The government declared Gwadar port a "Special Economic Zone" in the budget, 2003-2004. All banks will open their branches, five star hotels will be built, offshore banking will be started, factories, warehouses and storage will be set up, the tourism industry will be promoted in the area, an export processing zone will be set up, making Pakistan a very attractive place for direct foreign investment, and Gwadar port a regional hub of trade and investment activities.
Oman has offered $100 million aid for the development of social and infrastructure facilities in Balochistan. Out of $100million, Oman has provided $7million for extending of runway at Gwadar Airport, construction of jetties, upgradation of Gwadar Hospital, provision of 100 engines to fishermen and construction of power house. Oman is also financing construction of Gwadar-Hoshab Road, water supply scheme in Gwadar area and construction of irrigation dams.
Pakistan and Oman have signed a number of agreements including Avoidance of Double Taxation, Promotion and Protection of Investment, Cultural, Technical and Educational Cooperation, Agreement on cooperation between Oman Chamber of Commerce and Industry and FPCCI, Maritime Boundary Agreement and Agreement to establish Pak-Oman Joint Investment Company.
The proximity of Oman is an asset to Pakistan. Around 70,000 Pakistani citizens are participating in the development of Oman. Omani assistance for construction of Gwadar Port would go a long way in promoting economic relations between Gwadar-Pakistan and Central Asian States.
Pakistan through networking of roads is linking Gwadar with Karachi and the north to enable the Central Asian States to use Gwadar as a port for their trade. Water supply is being improved, seven jetties are being constructed and local fishermen are being given motor engine run boats. The local hospital is also being upgraded.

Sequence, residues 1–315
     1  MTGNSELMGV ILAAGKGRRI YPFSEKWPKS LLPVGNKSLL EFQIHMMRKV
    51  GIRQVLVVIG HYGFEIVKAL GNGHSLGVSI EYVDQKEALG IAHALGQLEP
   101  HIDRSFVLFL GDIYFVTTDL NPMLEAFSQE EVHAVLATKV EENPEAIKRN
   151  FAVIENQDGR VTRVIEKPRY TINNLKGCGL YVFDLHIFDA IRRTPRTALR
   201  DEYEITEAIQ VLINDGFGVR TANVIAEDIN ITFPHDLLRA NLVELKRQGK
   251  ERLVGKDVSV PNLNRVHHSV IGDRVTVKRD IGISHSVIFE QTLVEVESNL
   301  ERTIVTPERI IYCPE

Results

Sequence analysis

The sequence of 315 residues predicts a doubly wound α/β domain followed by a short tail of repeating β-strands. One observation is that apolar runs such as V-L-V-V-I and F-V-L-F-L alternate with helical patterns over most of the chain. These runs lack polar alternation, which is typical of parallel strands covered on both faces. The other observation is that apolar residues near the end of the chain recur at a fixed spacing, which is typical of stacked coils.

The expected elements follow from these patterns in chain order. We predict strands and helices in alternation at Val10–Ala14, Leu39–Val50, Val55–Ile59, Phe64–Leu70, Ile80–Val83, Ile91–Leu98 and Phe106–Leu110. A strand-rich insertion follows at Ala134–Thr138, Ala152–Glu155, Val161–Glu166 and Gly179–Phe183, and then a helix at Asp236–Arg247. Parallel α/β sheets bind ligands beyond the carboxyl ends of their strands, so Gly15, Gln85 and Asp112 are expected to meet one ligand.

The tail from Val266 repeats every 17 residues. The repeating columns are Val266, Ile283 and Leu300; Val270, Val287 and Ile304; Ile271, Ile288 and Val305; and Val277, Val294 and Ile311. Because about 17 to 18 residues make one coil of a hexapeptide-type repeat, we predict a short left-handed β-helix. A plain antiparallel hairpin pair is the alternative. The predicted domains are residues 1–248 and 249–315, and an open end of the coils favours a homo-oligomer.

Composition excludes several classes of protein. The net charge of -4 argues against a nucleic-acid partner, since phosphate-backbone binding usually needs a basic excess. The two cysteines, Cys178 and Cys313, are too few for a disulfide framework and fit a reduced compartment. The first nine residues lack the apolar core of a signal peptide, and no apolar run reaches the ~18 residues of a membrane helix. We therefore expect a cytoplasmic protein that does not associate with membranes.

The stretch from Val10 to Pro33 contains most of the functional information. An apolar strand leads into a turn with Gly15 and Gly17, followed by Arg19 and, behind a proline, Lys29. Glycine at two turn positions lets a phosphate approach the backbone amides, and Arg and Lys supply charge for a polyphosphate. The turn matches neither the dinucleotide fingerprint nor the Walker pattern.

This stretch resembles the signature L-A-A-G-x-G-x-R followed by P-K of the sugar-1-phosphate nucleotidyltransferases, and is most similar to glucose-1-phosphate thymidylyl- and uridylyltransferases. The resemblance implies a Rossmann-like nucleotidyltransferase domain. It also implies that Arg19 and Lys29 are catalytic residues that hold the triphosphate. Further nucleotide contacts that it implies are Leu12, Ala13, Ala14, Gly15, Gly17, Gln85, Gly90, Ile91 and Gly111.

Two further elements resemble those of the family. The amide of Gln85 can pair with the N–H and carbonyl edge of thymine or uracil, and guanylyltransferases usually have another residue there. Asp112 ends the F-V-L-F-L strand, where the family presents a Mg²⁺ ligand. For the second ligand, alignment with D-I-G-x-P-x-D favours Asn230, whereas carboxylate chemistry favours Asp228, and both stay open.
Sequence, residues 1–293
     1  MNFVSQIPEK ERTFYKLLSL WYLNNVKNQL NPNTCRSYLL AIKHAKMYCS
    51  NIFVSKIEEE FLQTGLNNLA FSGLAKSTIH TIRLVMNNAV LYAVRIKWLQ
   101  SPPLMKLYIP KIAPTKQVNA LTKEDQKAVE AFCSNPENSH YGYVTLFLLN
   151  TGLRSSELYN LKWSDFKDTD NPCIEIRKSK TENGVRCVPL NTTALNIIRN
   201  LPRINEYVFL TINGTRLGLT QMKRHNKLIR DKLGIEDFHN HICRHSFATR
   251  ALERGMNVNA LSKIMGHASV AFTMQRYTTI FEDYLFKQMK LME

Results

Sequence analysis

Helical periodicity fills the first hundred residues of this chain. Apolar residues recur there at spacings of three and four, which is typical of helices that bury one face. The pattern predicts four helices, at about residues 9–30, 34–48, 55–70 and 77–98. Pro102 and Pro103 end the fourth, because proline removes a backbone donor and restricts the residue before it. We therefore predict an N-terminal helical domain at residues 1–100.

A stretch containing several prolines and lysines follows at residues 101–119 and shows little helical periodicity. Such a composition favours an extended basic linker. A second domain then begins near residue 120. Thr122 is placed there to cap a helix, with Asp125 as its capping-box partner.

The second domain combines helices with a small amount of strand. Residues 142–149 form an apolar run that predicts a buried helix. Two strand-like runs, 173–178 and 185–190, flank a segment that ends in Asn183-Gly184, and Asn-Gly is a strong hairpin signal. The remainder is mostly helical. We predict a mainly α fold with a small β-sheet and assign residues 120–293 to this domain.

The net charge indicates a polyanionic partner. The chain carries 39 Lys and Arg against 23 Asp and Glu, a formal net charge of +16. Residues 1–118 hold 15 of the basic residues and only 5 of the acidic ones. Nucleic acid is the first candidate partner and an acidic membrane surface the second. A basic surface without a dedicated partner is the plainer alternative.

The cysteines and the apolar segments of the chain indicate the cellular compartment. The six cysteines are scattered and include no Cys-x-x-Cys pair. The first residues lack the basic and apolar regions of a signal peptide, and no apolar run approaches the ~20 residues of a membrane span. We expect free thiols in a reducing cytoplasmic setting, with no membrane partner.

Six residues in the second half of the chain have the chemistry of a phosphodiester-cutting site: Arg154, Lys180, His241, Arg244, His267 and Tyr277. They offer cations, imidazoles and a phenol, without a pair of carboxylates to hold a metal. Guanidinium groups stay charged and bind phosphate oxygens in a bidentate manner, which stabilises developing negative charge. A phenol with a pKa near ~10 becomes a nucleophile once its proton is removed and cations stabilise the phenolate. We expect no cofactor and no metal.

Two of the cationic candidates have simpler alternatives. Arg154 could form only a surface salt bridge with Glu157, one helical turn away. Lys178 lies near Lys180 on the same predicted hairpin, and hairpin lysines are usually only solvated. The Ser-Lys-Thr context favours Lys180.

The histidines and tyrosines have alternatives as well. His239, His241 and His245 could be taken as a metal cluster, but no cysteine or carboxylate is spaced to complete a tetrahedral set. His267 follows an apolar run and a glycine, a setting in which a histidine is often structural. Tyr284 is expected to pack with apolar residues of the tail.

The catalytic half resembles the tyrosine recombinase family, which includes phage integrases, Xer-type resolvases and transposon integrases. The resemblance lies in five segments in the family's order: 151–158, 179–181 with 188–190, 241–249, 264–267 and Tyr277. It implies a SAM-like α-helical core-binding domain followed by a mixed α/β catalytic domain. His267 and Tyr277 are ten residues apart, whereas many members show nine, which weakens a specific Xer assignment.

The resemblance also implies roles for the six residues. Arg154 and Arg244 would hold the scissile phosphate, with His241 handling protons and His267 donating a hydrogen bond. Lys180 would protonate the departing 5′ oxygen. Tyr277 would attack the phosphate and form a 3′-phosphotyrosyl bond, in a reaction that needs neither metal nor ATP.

A number of electric power generation projects are also being carried out in Gwadar and in its surroundings. The Quetta Electric Supply Company (QESCO), a subsidiary of the Wapda, has geared up the work for building the power transmission line. It is expected to be completed soon.
Gwadar has a small airport which is basically meant for fokker aircraft. The need is growing for the expansion of this airport and enlargement of its runway to facilitate the landing of wide body aero-planes. CAA has been directed to upgrade the Gwadar Airport for the landing of Airbuses by the end of 2004. Gwadar port will be open air and after its inauguration the jet planes shall be landing at the Gwadar airport. A sum of 2.3 million dollars is being utilized from Omani grant. The Pakistan government and the Civil Aviation Authority are also contributing additional Rs563.35 million for this purpose.
China wants to set up a dry port near the Pakistan-China border, so that western China could also benefit from the Gwadar seaport and it will create a ribbon of economic activity and hundreds of new jobs along the proposed highway linking Gwadar with the Karakoram highway in the north.
Rice Exporters Association of Pakistan (REAP)-apex body of the rice exporters in the country- has decided to establish a rice zone in Gwadar to fetch the opportunities in the area after the construction of new port. The establishment of warehouses will provide extraordinary facilities to rice exporters especially for those who export rice to Iran as the Iranian border is only at a distance of three hours from Gwadar.
Saindak Copper Gold
The Saindak Copper Gold project is likely to start production in june 2003 by producing 12500 tons 'raw copper' daily. MRDL, a chinese company, is doing the whole work. To ensure successful implementation of the mega project modern machinery, including crushers, smelters and other plants have been installed in addition to a 50 MW power-house. 33 km railway line from Taftan to Saindak has also been laid. The Chinese company MRDL has so far invested $25 million (Rs 1.5 billion) on the project.
Trans-Afghan Gas Pipeline
The 1400km-long Trans-Afghan Gas Pipeline (TAP) from Turkemenistan to Gwadar(Pakistan), the long dormant project that hopes to pump Turkmen natural gas to markets in South Asia, is finally poised to step off the drawing board costing $3 billion.